01 August 2006

Duty


“...For three thousand years architects designed buildings with columns shaped as female figures. At last Rodin pointed out that this was work too heavy for a girl. He didn’t say, ‘Look, you jerks, if you must do this, make it a brawny male figure.’ No, he showed it. This poor little caryatid has fallen under the load. She’s a good girl - look at her face. Serious, unhappy at her failure, not blaming anyone, not even the gods... and still trying to shoulder her load, after she’s crumbled under it.

Robert Heinlein - Stranger In A Strange Land

Do not confuse 'duty' with what other people expect of you; they are utterly different. Duty is a debt you owe to yourself to fulfill obligations you have assumed voluntarily. Paying that debt can entail anything from years of patient work to instant willingness to die. Difficult it may be, but the reward is self-respect. But there is no reward at all for doing what other people expect of you, and to do so is not merely difficult, but impossible. It is easier to deal with a footpad than it is with the leech who wants 'just a few minutes of your time, please — this won't take long.' Time is your total capital, and the minutes of your life are painfully few. If you allow yourself to fall into the vice of agreeing to such requests, they quickly snowball to the point where these parasites will use up 100 percent of your time — and squawk for more! So learn to say No — and to be rude about it when necessary. Otherwise you will not have time to carry out your duty, or to do your own work, and certainly no time for love and happiness. The termites will nibble away your life and leave none of it for you. (This rule does not mean that you must not do a favor for a friend, or even a stranger. But let the choice be yours. Don't do it because it is 'expected' of you.)

Robert Heinlein - Time Enough For Love

6 comments:

vanillabirdies said...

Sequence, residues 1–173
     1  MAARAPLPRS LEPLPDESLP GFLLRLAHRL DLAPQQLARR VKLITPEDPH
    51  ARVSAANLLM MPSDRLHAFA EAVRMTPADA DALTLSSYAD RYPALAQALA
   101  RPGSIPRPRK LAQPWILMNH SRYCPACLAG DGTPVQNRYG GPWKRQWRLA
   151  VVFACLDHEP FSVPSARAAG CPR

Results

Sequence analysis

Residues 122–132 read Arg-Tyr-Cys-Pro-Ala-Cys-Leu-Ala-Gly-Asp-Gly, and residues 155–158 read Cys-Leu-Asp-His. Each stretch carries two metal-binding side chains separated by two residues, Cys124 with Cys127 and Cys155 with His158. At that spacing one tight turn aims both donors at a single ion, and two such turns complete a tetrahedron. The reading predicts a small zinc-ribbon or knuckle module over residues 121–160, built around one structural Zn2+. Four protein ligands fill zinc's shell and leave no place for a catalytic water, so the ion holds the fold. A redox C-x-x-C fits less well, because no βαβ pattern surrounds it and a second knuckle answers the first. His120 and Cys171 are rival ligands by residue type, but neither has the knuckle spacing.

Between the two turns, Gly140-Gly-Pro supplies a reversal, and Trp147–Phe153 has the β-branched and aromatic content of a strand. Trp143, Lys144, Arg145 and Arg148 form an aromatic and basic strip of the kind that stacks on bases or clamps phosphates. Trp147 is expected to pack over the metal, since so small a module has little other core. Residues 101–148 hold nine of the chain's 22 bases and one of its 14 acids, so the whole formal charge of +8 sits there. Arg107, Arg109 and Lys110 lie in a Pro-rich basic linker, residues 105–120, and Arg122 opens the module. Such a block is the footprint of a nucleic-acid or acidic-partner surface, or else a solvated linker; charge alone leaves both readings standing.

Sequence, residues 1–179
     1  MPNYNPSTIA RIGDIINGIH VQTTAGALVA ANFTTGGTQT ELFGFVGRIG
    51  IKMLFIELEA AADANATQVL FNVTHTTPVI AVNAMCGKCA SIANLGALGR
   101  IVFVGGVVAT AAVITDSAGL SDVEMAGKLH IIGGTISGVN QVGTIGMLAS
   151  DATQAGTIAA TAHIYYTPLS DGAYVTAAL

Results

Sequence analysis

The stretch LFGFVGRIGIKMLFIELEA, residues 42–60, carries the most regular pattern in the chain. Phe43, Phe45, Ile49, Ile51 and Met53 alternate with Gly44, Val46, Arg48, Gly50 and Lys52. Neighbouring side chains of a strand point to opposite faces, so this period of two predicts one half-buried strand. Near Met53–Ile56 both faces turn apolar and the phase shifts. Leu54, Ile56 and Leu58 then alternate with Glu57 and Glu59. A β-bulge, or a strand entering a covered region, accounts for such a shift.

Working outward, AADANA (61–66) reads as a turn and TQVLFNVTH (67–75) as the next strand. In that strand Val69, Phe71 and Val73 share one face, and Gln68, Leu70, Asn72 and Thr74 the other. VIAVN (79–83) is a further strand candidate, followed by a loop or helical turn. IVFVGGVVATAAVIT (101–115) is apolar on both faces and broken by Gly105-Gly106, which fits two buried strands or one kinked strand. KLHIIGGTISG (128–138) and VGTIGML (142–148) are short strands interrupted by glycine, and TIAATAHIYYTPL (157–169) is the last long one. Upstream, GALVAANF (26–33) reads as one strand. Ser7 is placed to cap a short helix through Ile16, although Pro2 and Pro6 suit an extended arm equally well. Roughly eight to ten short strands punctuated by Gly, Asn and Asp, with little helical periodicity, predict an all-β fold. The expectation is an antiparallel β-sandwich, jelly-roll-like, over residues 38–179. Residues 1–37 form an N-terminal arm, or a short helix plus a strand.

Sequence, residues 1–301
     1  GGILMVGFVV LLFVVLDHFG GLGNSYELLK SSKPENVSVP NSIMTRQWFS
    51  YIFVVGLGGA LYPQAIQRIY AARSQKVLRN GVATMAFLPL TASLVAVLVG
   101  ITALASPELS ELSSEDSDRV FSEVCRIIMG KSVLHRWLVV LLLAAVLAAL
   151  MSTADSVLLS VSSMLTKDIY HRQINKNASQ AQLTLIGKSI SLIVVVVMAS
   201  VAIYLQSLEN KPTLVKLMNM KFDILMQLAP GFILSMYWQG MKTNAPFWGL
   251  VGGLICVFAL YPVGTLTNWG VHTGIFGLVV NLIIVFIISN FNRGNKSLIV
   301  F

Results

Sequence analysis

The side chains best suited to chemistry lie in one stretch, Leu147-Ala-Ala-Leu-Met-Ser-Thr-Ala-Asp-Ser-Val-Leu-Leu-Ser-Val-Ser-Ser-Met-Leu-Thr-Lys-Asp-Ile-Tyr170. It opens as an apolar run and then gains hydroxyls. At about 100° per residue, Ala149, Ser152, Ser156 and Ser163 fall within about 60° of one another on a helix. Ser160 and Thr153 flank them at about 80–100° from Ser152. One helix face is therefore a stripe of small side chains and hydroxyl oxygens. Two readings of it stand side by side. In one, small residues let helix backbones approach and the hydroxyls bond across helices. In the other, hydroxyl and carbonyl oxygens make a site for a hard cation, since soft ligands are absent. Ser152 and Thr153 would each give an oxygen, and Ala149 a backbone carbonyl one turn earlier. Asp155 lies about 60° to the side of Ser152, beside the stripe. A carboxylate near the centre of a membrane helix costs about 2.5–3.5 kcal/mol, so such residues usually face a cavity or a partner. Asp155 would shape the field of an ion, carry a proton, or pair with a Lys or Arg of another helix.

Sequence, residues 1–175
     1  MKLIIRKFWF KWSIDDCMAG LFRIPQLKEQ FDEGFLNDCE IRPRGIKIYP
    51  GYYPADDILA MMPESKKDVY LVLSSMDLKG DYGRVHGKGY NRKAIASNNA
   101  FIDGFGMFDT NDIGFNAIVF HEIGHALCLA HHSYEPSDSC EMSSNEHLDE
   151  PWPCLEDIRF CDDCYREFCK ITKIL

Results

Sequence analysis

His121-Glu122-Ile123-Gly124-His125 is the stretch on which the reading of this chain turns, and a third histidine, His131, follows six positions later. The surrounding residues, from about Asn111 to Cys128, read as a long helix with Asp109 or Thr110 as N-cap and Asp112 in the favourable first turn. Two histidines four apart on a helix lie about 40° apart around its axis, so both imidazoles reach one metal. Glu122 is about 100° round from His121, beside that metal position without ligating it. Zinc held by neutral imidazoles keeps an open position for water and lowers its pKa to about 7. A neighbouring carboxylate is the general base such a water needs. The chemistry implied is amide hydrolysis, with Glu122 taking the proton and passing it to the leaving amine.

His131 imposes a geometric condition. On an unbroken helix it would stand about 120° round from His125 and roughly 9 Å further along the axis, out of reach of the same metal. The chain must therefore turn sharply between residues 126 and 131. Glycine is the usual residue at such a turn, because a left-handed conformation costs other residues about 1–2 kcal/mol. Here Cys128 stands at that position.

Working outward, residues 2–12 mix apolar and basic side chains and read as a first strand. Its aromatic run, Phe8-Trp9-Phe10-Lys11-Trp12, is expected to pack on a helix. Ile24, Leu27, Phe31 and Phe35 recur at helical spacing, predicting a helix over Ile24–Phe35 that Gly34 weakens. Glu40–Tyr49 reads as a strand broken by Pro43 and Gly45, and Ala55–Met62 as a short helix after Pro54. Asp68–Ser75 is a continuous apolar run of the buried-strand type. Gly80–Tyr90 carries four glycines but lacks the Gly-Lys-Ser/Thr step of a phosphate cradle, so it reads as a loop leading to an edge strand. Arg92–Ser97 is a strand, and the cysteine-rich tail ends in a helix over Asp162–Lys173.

brilliant quotes. i had forgotten all about heinlein.

you made an interesting contrast between the two quotes...

the duty of what we have to do in life and why we do it and the female "failing" at her duty and blaming only herself while "still trying to shoulder her load, after she's crumbled under it"

duty and self respect, how the two connect and intertwine.

BUT is she doing it because it's expected of her or is she doing it only for her self respect?

Jamie said...

VB, I love it when you stop by. You are so perceptive. That question is exactly why I picked the two quotes. Did she take on the burden willingly because she felt it was her duty, possibly because there was no one else to assume the responsibility or did someone force her under the overwhelming load demanding that she perform what they expected of her.

It is so important to be inner directed, to uphold ones beliefs according to your own sense of right and wrong, but how often do we confuse what we have been told to feel with the ethics that have grown out of our own experience and commitment to others we love and respect. What do we do for the community as a whole and does this violate what we require of ourselves. Good balancing act on the tightwire we all walk.

AlanBoss said...

Jamie, You have enticed me to go revisit Heinlein!I was quite young when I last read him and probably missed much.

I admit that you are the second catalyst for that endeavor. The first... I recently read Spider Robinson’s brilliant collection of op-ed pieces, “The Crazy Years.” If you only know Spider via Callahans’s (and to your commenters that don’t know him at all) I highly recommend picking it up! He covers the gamut from thoughts on Heinlein to the internet and 9/11.

enigma4ever said...

Beautiful statue...really and great post..

Jamie said...

Alan,

Spider is one of my favorite SF writers. I do love the Callahan series, but his other works are fascinating, particularly the ones written with his wife. His web pages are a hoot. Spider Robinson

If you go back to Heinlein, pick up "The Path Through the Future". It is a collection of his short stories laid out on a time line. It contains "Methuselahs Children" which was the precursor to "Time Enough for Love" and "Coventry" among others that were about a religious dictatorship taking over the United States and leading to "Stranger In A Strange Land".

Hidden within all that froth is some of the most perceptive political writing ever done.

AlanBoss said...

Jamie, Thanks for the recomendations.